"Ender doodled on his desk, drawing contour maps of mountainous islands and then telling his desk to display them in three dimensions from every angle...The bell rang. Everyone signed off their desks or hurriedly typed in reminders to themselves. Some were dumping lessons or data into their computers at home. A few gathered at the printers... Ender spread his hands over the keyboard near the edge of the desk and wondered what it would feel like to have hands as large as a grown-up's... Of course, they had bigger keyboards - but how could their thick fingers draw a fine line, the way Ender could..."
Already, tablet computers like the iPad are becoming frequent sights in our classrooms. Their ability to provide technology-enhanced learning, individualized to a learner’s needs is powerful. What might the future look like if every student had access to these devices to support their learning? In some places, that future is already here.
Game-Based Learning – Ender’s Game by Orson Scott Card (1985)
Consider the Battle School from Orson Scott Card’s Ender’s Game. Through rigorous game-based simulations, students in Card’s world learned standard curricula as well as military strategy. Schools around the world are starting to pay attention to video games and how they can be effective tools for teaching. (This blog has examples!)
Imagine what classroom learning might look like if each student had a personal, digital assistant to help them as they learned, adjusting to their specific learning styles, and helping them as they researched online. In Neal Stephenson’s Snowcrash, the main character, Hiro, has a computer program dubbed “The Librarian” who takes the form of an avatar and helps him as he researches a mystery that’s plaguing hackers in cyberspace. Consider this interchange between Hiro and his assistant as they piece together information that each of them has collected:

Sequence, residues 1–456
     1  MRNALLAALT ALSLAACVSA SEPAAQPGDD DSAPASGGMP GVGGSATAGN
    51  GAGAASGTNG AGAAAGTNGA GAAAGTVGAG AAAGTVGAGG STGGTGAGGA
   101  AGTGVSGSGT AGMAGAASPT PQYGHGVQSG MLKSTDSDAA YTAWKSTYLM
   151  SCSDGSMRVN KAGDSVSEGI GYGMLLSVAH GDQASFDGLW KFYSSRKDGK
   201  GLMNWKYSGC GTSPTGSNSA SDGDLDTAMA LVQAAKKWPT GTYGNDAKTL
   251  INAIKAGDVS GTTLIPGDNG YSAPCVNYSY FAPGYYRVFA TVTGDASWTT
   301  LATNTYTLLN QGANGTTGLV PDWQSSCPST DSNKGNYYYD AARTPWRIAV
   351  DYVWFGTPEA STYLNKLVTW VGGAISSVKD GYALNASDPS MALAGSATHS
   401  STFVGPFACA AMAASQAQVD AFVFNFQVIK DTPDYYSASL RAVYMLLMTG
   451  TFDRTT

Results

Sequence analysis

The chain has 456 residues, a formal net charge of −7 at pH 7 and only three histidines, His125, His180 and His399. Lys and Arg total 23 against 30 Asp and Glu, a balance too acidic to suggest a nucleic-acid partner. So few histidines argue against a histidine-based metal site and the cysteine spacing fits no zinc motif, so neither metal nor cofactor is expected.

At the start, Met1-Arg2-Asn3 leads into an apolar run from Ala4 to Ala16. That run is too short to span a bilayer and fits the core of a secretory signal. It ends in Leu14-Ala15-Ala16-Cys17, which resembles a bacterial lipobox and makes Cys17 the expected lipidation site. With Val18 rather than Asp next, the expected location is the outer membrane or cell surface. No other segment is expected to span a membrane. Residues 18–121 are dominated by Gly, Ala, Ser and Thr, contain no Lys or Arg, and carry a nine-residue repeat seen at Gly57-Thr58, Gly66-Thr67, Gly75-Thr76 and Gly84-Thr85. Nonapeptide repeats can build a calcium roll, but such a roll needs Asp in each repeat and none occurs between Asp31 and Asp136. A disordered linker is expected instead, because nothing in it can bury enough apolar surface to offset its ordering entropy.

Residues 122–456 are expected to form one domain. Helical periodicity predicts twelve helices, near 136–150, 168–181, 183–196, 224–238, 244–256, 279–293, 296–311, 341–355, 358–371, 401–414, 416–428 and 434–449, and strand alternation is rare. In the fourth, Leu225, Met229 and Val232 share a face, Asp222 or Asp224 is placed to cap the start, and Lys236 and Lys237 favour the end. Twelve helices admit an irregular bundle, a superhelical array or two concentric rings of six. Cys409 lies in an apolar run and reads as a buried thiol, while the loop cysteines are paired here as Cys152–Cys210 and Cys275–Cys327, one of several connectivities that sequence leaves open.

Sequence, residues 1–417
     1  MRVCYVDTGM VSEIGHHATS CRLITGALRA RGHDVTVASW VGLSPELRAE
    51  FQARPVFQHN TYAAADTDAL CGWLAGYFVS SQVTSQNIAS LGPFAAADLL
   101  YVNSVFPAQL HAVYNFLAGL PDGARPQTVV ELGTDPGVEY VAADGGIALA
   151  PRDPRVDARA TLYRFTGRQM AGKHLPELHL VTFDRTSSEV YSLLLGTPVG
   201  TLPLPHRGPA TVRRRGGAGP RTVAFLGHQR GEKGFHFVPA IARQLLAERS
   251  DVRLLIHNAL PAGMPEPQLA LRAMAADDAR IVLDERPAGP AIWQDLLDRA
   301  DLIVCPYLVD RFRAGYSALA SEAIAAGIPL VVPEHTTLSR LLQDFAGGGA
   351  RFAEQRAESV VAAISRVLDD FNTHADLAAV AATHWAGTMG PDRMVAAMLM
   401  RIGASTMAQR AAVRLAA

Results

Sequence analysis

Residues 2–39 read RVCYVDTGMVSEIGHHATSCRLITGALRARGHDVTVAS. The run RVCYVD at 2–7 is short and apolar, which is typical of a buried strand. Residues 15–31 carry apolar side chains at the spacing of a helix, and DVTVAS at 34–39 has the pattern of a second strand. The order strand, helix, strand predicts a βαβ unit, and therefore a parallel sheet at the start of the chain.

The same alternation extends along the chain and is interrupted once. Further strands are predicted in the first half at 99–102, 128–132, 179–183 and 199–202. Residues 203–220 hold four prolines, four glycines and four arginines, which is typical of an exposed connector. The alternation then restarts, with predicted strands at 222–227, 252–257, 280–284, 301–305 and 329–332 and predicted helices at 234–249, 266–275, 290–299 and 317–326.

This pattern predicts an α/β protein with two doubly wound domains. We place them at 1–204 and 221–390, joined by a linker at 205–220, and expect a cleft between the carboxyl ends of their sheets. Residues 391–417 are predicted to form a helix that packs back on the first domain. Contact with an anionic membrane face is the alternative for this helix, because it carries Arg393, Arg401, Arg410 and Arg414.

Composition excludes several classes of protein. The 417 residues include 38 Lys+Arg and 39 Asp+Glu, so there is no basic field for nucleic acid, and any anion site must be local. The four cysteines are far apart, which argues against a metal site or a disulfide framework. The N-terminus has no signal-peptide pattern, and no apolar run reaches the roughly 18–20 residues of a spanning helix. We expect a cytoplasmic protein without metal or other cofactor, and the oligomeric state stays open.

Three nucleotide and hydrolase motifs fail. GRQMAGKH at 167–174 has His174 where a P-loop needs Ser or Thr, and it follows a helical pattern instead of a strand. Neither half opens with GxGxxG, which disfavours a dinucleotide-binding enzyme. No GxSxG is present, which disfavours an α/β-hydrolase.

"He believed that Babel was an actual historical event. That it happened in a particular time and place, coinciding with the disappearance of the Sumerian language. That prior to Babel/Infocalypse, languages tended to converge. And that afterward, languages have always had an innate tendency to diverge and become mutually incomprehensible - that this tendency is, as he put it, coiled like a serpent around the human brainstem.""The only thing that could explain that is - "Hiro stops, not wanting to say it."Yes?" the Librarian says."If there was some phenomenon that moved through the population, altering their minds in such a way that they couldn't process the Sumerian language anymore. Kind of in the same way that a virus moves from one computer to another, damaging each computer in the same way. Coiling around the brainstem. ""Lagos devoted much time and effort to this idea" the Librarian says "He believed that the nam-shub of Enki was a neurolinguistic virus"
When I consider these elements I think about my iPhone and that quirky little personality that resides within, Siri. The thing that makes Siri amazing is not that it can recognize your speech or conduct basic information gathering for you, but rather that it’s the beginning stages of tools that can make sense of what we are saying/asking. This is beyond speech recognition. This is semantics. What if each of your learners had one of these? This wouldn’t supplant a teacher, but would foster individualization and differentiation. At the same time, this we can always direct students to Siri for those “Bloom’s Basement” sorts of questions.
If you haven’t read these novels, you really should. Not only do they have interesting predictions about the future (and the future of learning), they’re great reads! There are probably countless other examples from science fiction. Perhaps you’ve got some? Leave a comment and share!